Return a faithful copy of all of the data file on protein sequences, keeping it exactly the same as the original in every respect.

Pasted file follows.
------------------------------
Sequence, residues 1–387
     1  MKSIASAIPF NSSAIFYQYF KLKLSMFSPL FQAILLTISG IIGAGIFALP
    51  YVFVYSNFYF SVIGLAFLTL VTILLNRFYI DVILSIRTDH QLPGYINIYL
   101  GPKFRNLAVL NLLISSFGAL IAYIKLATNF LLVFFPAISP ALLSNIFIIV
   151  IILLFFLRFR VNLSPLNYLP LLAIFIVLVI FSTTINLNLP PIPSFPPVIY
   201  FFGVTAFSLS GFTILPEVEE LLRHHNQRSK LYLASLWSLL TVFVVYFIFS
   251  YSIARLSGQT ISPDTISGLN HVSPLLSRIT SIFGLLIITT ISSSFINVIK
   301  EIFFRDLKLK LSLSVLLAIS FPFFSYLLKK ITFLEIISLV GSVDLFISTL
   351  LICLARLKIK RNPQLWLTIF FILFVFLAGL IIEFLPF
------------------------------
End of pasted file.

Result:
Sequence, residues 1–387
     1  MKSIASAIPF NSSAIFYQYF KLKLSMFSPL FQAILLTISG IIGAGIFALP
    51  YVFVYSNFYF SVIGLAFLTL VTILLNRFYI DVILSIRTDH QLPGYINIYL
   101  GPKFRNLAVL NLLISSFGAL IAYIKLATNF LLVFFPAISP ALLSNIFIIV
   151  IILLFFLRFR VNLSPLNYLP LLAIFIVLVI FSTTINLNLP PIPSFPPVIY
   201  FFGVTAFSLS GFTILPEVEE LLRHHNQRSK LYLASLWSLL TVFVVYFIFS
   251  YSIARLSGQT ISPDTISGLN HVSPLLSRIT SIFGLLIITT ISSSFINVIK
   301  EIFFRDLKLK LSLSVLLAIS FPFFSYLLKK ITFLEIISLV GSVDLFISTL
   351  LICLARLKIK RNPQLWLTIF FILFVFLAGL IIEFLPF